MONTREAL -- "Numbers are stable in Montreal," said Montreal Mayor Valerie Plante Wednesday afternoon on the state of COVID-19 on the island. "This being said, we should not lower the guard."

Plante made the statement during a news conference on the state of the novel coronavirus on the island. She said that the daily increase in numbers have plateaued, but that the city will remain in the red zone.

Montreal public health officials announced Tuesday at 4 p.m. of the day that the 316 more people on the island have tested positive for COVID-19 bringing the total number of cases to 39,712.

Since the start of the pandemic, 3,516 people have died due to the disease.

The head of the Montreal South-Central health and social services centre Sonia Belanger said there are 104 health-care employees who have tested positive for COVID-19, and just over 200 other employees are waiting for results.

"The number of cases is quite low for the health-care workers," said Belanger. "This is not comparable with what we had in one wave when there were thousands on sick leave."

In addition, Belanger said there are around 15 seniors' residences are dealing with COVID-19 outbreaks, but that those outbreaks have not been as extreme as the ones seen in the spring.

"The good news is that since last week there have not been any large-scale outbreaks," said Belanger. 

However, Belanger said there were 26 new cases in public CHSLDs over the past week, which are a much higher than the numbers at private residences.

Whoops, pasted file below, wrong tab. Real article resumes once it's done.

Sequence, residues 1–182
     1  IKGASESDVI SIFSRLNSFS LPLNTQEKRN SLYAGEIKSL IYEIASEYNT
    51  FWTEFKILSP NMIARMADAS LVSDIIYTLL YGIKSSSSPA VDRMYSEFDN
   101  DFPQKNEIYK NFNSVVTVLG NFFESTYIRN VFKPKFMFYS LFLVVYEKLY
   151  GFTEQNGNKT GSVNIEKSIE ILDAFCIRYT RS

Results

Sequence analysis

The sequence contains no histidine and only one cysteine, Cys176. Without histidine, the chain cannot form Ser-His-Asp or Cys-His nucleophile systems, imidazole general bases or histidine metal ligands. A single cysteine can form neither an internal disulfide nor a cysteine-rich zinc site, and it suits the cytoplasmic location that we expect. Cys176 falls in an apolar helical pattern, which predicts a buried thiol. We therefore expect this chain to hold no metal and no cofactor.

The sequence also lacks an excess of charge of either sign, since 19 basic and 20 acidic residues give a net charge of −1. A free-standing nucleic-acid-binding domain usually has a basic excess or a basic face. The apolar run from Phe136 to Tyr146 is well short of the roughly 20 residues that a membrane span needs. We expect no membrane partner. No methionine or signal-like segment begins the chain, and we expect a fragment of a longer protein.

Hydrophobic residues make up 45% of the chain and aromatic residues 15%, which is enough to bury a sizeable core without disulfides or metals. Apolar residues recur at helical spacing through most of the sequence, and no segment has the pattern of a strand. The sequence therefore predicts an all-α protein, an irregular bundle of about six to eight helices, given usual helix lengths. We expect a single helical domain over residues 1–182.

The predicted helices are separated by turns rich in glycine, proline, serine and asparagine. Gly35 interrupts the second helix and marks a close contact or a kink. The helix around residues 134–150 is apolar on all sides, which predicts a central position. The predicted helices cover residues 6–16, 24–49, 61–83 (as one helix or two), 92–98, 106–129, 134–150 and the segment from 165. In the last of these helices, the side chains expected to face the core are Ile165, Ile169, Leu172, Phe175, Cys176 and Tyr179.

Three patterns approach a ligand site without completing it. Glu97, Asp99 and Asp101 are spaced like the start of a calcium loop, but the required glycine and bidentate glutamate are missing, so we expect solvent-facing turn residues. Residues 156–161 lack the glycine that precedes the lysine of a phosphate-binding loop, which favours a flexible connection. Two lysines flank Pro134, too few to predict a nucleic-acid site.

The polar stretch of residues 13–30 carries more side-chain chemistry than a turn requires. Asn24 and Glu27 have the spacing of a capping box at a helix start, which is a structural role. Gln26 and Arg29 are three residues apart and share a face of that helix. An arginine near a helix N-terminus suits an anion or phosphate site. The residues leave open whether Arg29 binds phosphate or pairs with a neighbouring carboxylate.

Montreal director of public health Mylene Drouin said numbers are going in the right direction.

"There is a slight rise, but we have a lot of leeway," said Drouin. "We all need to be vigilant and maintain all the applications of the measures."

She said the positive test rate is around five per cent, but that, with lockdown in place, testing numbers are down.

There are, she said, about 200 active outbreaks including more than 73 at schools.

What is concerning, Drouin said, is the emotional toll the pandemic has had on young people. She said 45 per cent of those between 18 and 29 years old have said they are experiencing negative mental health issues.

She added that the city's public health offiicials are studying the effects of the pandemic on the island's youth including on their mental health and well-being. 

"We're going to work with our partners to find solutions and see how to work with youths to reduce those impacts," said Drouin. 

Loss of employment and high infection rates have led to a drop in motivation to go to school and other issues.


The mayor also spoke about the city's plans to help the homeless camped along Notre-Dame St. East to find a place to stay indoors with the winter approaching.

Three shelters were opened at the end of August with 300 beds, but they filled quickly, and Plante said the goal is to double resources for homeless people during winter. 

"We see that needs are there," she said. "We'll offer 400 additional emergency beds, and warm waiting areas."

Typically, the city adds 200 beds during the winter, Plante said.

Plante said numbers have gone down at the tent city, but dozens of tents remain in place.

She wants the numbers to continue to go down, which is the reason for increasing resources.


Drouin and Belanger responded concerns about a lack of season flu vaccines this year and said there likely won't be a shortage of flu vaccines on the island.

"In terms of the doses, I don't think they'll be a lack of doses," said Drouin.

Belanger said that though the damand for flu vaccines is significantly higher than in past years, she is confident the CIUSSS centres will have enough to meet the demand.

"Currently nothing indicates that we won't have enough vaccines, quite the contrary," she said. "The big issue is staff shortage."

Belanger said the CIUSSS centres are considering increasing the number of time slots for vaccinations.